December 7, 2022

redhills-dining

Delighting home maniacs

Gabrielle Blair Embraces ‘the Least Sexy Way to Talk About Sex’

Rarely does an author pull off a pivot as head-spinning as the one Gabrielle Blair made between her first book and her second. “Design Mom” (2015) is a room-by-room guide to living with children, featuring aspirational photography, tips for decluttering a mudroom and gentle reminders not to skew too highbrow in the Lego phase of life.

Now the 48-year-old mother of six is back with “Ejaculate Responsibly,” a 28-point treatise focusing on the role men play in procreation. “Currently, conversations about abortion are entirely centered on women — on women’s bodies, and whether women have the right to terminate an unwanted pregnancy,” writes Blair. Her ideas grew out of a Twitter thread fired off in 2018 when she was tired of hearing male politicians grandstand about abortion. Disciples of Blair’s home renovation content were right there with her.

In a phone interview, Blair explained her embrace of the unsexy, unpopular word “ejaculate,” which until now has mostly been confined to high school health classrooms. (Can’t you picture it on the blackboard, scrawled in yellow chalk?) “It’s a lot of syllables. It isn’t turning anyone on,” she said. “It’s the least sexy way to talk about sex.” Blair was aware that her book’s title might disqualify her from the morning television circuit, but she stood her ground because “I feel like it captures in two words this singular focus: If we radically reduce irresponsible ejaculations, then we’ll radically reduce unwanted pregnancies, which will radically reduce abortions.”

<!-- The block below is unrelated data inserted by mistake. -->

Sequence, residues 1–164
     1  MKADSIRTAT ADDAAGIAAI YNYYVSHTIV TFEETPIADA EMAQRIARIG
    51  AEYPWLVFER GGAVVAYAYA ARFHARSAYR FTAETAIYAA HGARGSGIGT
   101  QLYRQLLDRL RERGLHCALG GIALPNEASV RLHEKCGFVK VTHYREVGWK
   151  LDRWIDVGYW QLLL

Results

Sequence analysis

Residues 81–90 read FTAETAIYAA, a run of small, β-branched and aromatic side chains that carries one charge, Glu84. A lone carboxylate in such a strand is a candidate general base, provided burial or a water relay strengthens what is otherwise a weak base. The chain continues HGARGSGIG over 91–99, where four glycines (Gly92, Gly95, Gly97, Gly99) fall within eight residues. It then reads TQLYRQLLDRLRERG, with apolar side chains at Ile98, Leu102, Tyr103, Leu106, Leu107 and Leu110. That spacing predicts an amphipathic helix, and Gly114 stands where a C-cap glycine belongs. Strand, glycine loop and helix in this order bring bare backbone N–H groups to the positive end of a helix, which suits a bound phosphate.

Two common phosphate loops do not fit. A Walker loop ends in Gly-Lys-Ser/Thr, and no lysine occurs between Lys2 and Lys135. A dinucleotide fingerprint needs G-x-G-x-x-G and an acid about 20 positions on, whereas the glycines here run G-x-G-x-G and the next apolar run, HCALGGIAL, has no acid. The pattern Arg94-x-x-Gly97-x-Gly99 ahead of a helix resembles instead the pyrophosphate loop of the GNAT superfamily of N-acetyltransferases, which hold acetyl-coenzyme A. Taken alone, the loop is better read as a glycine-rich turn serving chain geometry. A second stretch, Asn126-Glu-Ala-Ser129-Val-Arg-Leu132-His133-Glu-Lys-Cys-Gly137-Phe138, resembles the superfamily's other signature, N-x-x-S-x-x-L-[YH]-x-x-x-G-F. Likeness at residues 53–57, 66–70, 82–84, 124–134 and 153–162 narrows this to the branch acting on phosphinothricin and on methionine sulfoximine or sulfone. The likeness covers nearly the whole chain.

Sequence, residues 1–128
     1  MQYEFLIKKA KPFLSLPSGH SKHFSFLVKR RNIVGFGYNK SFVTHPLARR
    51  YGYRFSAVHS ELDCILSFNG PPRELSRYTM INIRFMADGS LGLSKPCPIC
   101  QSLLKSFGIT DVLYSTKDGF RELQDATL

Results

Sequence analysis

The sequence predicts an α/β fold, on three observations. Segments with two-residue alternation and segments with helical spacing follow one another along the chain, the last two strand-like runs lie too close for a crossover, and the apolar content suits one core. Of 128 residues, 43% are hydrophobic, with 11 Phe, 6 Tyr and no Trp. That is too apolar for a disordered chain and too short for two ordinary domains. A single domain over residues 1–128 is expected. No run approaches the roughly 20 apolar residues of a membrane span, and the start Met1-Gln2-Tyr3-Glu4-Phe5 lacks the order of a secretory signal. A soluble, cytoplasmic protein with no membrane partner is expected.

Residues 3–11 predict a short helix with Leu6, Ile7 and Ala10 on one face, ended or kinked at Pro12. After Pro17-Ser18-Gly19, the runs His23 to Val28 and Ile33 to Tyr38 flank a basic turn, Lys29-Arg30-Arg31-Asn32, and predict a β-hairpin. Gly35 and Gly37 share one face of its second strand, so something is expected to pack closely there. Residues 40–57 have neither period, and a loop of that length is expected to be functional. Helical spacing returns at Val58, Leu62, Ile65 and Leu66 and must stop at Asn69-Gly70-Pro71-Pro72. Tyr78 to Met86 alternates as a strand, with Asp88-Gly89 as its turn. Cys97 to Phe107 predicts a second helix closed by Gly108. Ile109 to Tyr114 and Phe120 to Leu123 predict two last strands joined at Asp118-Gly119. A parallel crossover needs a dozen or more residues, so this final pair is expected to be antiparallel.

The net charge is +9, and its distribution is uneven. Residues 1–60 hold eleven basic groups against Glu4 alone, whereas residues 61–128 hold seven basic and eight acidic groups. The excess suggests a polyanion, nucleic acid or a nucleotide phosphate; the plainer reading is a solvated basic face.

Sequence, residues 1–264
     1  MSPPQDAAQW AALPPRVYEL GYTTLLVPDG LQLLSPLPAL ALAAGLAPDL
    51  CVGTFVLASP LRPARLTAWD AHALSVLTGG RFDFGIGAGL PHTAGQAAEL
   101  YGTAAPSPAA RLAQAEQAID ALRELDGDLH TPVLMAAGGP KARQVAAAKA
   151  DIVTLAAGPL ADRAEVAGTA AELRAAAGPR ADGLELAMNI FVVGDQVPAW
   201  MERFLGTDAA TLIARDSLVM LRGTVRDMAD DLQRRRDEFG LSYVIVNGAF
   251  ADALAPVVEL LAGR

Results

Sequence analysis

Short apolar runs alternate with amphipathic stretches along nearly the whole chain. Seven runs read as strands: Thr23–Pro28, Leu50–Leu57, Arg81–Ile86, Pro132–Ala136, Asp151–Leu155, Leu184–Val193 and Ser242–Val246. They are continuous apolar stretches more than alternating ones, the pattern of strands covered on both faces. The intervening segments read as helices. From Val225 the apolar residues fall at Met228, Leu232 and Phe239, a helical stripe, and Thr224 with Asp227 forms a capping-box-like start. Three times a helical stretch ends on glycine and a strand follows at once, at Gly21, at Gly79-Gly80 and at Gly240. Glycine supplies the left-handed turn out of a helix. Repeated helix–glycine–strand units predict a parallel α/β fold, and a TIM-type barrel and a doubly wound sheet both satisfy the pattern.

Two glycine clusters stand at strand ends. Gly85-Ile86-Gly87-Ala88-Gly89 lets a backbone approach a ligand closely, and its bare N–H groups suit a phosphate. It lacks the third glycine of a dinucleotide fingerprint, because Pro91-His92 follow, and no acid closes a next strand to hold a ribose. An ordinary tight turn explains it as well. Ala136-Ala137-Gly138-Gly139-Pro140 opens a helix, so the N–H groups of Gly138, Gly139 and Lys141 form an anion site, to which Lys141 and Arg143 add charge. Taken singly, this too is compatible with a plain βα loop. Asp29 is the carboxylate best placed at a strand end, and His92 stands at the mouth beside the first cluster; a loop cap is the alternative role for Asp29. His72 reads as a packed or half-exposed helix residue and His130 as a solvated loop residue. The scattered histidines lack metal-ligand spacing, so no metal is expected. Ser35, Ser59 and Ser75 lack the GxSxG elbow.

On the day her book came out, Blair was going about her business at home in Normandy, France (she moved from Oakland, Calif., three years ago), when she started getting messages telling her that “Ejaculate Responsibly” had been featured in a segment on “CBS Mornings.” “My publicity team had no idea it was going to happen,” she recalled. “And it was a man presenting, which was even better because these ideas can be hard for men to hear. They don’t want a lecture from middle-aged Gabby.”

Other morning shows followed. Naturally Blair has received the occasional critique of her work — mainly from strangers who haven’t actually read the book — but so far the response has been positive. “People across the political spectrum have read these ideas and they get it,” said Blair, who supports abortion rights. “They’re like, of course we should be focused on prevention. It means you can have discussions where you’re not trying to debate when life begins, when a fetus becomes a baby. That’s all gone because we didn’t create the fetus in the first place. We ejaculated responsibly. It feels so achievable and solvable.”


Elisabeth Egan is an editor at the Book Review and the author of “A Window Opens.”